The language of Casilda Moreira


“What if silence one day no longer wants to be silent?”


There is a language that is dying and there are only two people left to keep it alive. But these two people don’t talk to each other.

It is difficult to explain the magnetic suggestion of this plot. It contains the fascination of things that are about to disappear, the enigma and the search, the power of connection and also a certain tacit inevitability. Yet it is a calm novel, soft as the name of a woman who rests in the title, which caressingly accompanies the reader throughout the journey from the faculty of glottology in Rome to the edge of the Argentine pampas.

It’s about how the word intertwines with reality becoming reality itself. It is her way of bonding with the land, with the landscape but also with feelings, with lovers, with history. Is it the word that tries to reproduce reality or is it itself that shapes it? We don’t make it a linguistic issue but rather an affectionate and grateful reflection, as a recognition of value, of its expressive and generative power.

The word becomes language, a way of interpreting the world; the link between language and the spaces in which it is born is as evident as it is mystical. Can a language, with its sounds, its echoes, ever be born in one place and not in another? It is filled with certain horizons and at the same time becomes the most precise tool for describing them, in a mutual bond that translation can only mildly replicate. And from the spaces, from that form, a certain way of thinking, of facing the concreteness of reality.

Already in this way the text would be the starting point for a reflection with immense ramifications; but what if the place where a language evolves becomes the heart of two who love each other? The heart is a landscape that forms and is formed by the words with which it tries to make its way into unknown lands, as if the words from one heart to another could encounter interferences – which we will call life – and these could intrude, distort, misunderstand. The language born from this very particular landscape becomes something to take care of, which should not be wasted or certainly given to hearts that are other spaces, other boundaries, other temperatures.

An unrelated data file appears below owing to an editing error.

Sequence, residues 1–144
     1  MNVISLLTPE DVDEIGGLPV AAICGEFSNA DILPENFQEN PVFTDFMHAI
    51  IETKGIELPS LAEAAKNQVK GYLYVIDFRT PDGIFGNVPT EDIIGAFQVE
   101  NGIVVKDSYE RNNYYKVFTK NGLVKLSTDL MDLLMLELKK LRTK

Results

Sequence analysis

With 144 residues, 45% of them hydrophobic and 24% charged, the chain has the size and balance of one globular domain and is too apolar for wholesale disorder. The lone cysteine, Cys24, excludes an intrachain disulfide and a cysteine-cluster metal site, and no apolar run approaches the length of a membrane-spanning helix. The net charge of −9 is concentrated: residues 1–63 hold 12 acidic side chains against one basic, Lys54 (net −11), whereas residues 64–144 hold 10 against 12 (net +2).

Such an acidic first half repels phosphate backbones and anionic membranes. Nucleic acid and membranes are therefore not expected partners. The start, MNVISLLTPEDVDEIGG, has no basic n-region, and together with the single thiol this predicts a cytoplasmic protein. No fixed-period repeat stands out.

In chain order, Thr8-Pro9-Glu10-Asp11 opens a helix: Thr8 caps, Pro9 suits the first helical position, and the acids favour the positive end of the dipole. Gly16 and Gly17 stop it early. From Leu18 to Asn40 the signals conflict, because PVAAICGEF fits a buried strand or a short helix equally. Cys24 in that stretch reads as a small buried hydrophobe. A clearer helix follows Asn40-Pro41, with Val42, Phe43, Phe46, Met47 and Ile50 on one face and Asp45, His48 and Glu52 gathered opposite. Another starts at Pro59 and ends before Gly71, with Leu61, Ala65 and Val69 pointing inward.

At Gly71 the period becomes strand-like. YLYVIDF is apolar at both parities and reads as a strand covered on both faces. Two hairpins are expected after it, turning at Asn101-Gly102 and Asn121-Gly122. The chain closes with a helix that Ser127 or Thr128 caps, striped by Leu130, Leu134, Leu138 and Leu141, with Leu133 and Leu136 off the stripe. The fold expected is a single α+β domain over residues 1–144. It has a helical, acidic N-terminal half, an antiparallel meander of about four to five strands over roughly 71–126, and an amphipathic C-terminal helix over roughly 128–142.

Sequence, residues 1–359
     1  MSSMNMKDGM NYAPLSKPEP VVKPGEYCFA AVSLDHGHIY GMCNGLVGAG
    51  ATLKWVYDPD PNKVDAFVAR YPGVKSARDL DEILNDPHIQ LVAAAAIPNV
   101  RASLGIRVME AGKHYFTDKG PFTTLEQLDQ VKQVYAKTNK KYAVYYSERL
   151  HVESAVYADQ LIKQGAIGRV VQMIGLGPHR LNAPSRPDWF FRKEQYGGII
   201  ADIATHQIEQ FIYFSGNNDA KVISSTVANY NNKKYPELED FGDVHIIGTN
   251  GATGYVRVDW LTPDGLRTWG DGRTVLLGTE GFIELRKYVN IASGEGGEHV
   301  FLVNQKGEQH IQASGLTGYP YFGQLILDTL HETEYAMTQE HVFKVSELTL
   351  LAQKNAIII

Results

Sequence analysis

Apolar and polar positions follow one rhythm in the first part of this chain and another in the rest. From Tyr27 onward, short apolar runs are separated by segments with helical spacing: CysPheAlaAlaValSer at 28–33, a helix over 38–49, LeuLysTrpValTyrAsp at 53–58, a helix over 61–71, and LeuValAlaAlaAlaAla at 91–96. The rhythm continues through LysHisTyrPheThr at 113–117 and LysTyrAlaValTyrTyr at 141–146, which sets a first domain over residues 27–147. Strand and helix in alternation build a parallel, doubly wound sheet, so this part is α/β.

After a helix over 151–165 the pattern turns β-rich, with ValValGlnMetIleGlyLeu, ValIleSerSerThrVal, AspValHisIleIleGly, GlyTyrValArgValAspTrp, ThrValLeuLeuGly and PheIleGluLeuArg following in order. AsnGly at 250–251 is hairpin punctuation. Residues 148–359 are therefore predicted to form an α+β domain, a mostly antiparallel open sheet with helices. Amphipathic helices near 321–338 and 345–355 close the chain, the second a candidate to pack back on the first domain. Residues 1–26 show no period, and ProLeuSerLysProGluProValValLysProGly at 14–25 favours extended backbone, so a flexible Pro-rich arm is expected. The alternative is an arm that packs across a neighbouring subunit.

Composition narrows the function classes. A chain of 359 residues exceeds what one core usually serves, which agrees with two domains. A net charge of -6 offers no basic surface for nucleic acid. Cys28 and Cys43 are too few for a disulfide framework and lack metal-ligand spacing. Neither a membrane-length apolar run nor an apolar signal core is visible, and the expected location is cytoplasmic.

“Feeling and language are not two different things, we loved each other in that language and now all the affectionate things and beautiful words we said to each other have disappeared.”

A language is a home, a motherland from which one can move away, to return to, to keep. Which can be destroyed by unexpected detonations as well as by inexorable wear and tear. Lovers build one that benevolently, but decisively, excludes all other speakers and is intrinsically linked to the existence of certain feelings with which it mutates, evolves, sometimes dies. What amazes in this story is the different degree of awareness of the scholar and of the elderly couple, who instinctively recognize this peculiarity of the language and impose its rules with categorical naivety, candidly bypassing certain forms of teaching and reasonableness. The linguistic approach breaks down and learns from the organic and sentimental nature of words, from their link with life. We readers, like the bedridden professor, reopen our eyes to that distant sound that smacks of prayer and enchantment, we return to the house of our words and in doing so, without anyone forcing us to do so, we (re)learn to inhabit it with the care never discount it deserves.


Written by Delis 


Adrian N. Bravi, L’idioma di Casilda Moreira, Exorma, Roma, 2019

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